Skip to 0 minutes and 6 secondsThis course is for anybody interested in people studying people. So our definition of research would be that you're collecting data on one another and thinking throughout how that's going to be used and reported. It's our view that research ethics, or ethics in general, are of fundamental importance in any type of research activity. We all have experiences as citizens, really, of volunteering our data for research purposes. If you think about market research, or assigning of data agreement, you are actually involved in the transaction of your own personal data.
Skip to 1 minute and 11 seconds We're going to start by presenting a number of case studies of things that have been in the news-- people's research projects that they're going to the talking about-- to give us some very concrete examples of things that you can think about, and then work through a framework of four different dimensions, four different traditions of thinking about ethics, which allows you to think from different perspectives of people who would be associated with research-- to think through and get some empathy for how they would think about the research, their needs, and therefore, how you would go back showing respect to them.
Skip to 1 minute and 18 seconds For a researcher, you have a responsibility, primarily to your main research participants, to treat them in a fair and reasonable way. Beyond our immediate research participants, we also have responsibilities to the broader research community and to society in general, who clearly, everybody has an interest in good, ethically sound research. This is a course that would be of interest, hopefully, to people who are thinking about data from a participant's point of view, perhaps. So they've read about research studies, seen research studies on the news, been asked about it, and starting to think about-- well, in what circumstances would I give my data-- and thinking through research from that perspective.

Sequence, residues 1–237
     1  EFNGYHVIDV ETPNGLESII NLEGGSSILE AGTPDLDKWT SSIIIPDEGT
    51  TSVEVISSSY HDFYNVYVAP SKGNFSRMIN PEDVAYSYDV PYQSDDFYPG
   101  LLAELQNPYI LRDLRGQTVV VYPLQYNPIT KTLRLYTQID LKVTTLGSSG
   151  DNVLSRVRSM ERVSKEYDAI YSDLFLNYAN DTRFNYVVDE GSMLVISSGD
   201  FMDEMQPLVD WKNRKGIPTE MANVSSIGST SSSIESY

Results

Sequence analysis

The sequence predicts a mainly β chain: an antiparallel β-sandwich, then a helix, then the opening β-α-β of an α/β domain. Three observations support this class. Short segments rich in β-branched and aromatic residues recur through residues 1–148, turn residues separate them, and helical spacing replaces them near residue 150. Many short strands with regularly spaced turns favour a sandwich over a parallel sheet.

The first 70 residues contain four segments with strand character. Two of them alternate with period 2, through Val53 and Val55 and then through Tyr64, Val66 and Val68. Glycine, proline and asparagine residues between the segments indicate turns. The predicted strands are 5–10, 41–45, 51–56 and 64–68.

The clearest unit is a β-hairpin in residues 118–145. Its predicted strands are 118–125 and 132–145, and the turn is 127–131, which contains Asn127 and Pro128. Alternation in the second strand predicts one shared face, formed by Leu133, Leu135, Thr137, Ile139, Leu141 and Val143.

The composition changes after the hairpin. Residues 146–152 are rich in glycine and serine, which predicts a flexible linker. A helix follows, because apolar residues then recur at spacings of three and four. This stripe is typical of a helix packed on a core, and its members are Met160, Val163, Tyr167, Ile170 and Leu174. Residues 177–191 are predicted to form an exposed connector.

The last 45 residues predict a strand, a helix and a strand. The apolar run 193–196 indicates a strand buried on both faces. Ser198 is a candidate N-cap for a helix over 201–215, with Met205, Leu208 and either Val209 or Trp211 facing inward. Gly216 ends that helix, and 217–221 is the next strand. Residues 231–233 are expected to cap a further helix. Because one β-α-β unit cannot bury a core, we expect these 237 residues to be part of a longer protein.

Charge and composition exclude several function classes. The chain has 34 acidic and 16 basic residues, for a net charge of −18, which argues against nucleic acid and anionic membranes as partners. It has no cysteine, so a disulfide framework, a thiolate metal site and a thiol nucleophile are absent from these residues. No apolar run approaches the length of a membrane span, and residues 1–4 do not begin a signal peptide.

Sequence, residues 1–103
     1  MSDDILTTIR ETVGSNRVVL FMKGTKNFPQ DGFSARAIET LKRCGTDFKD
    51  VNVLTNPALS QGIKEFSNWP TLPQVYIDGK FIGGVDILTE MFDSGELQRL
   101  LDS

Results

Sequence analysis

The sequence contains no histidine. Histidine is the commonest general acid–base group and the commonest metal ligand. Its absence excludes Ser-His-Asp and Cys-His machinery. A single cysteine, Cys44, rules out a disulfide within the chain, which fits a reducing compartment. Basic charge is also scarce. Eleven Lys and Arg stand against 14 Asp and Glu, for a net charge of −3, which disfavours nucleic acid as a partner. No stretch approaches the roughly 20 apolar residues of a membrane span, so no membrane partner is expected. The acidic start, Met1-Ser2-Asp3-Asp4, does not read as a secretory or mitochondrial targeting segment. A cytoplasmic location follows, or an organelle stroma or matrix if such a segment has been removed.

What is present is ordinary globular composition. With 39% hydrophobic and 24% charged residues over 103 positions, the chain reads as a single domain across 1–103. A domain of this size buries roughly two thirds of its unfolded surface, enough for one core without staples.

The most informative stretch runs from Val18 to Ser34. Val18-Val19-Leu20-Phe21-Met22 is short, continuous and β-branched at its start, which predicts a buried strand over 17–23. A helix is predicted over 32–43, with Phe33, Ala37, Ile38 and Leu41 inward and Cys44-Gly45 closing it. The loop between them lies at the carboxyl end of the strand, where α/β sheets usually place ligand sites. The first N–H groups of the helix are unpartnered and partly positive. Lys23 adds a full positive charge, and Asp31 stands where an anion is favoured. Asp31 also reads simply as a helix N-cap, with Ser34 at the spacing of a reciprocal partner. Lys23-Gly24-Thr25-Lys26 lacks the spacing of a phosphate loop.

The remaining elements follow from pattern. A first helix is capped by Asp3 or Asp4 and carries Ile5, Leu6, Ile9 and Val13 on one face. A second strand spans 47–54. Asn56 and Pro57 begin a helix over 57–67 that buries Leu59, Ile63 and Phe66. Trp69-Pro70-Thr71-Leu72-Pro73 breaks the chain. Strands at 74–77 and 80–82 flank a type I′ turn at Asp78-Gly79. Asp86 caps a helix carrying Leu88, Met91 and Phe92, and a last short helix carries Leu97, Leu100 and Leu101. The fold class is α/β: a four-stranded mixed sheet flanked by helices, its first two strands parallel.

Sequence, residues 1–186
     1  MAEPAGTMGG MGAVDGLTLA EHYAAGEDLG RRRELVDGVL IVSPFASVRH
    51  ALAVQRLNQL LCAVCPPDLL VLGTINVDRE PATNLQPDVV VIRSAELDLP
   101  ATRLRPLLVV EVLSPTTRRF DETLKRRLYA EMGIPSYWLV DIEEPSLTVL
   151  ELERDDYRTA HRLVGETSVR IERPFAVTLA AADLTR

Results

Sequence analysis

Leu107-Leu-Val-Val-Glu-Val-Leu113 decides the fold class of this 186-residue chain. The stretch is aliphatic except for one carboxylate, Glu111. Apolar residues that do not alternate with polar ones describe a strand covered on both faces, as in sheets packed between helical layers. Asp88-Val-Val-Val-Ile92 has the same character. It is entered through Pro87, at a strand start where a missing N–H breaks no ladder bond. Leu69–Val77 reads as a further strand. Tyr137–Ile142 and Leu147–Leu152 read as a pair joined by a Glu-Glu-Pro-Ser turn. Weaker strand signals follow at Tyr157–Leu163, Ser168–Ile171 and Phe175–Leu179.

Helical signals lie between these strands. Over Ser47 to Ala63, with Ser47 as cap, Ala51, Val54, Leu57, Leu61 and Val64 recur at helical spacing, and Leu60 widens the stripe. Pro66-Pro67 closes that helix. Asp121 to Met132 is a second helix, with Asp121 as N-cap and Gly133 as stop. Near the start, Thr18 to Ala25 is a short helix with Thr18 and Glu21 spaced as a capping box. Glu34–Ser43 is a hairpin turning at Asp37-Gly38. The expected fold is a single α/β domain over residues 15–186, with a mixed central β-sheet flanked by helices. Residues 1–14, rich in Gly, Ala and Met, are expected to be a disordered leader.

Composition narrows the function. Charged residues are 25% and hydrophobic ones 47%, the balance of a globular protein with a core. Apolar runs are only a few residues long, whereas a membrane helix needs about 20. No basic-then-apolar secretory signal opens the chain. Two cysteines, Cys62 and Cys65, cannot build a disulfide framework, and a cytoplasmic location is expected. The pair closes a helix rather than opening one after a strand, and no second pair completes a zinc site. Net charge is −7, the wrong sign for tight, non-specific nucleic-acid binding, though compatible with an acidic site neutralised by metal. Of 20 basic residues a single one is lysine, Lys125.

Skip to 2 minutes and 26 seconds But also, if you've got a very concrete research proposal idea, this will offer you a framework-- those moral principles that you can use to underpin your study to make sure that it's a worthwhile study-- that you are acting responsibly, that you're able to think through practically about how to be respectful, and that you can end up with a project proposal, or even evaluating a study that you've got in motion at the moment, and really feeling confident that it's an ethical project that you can defend.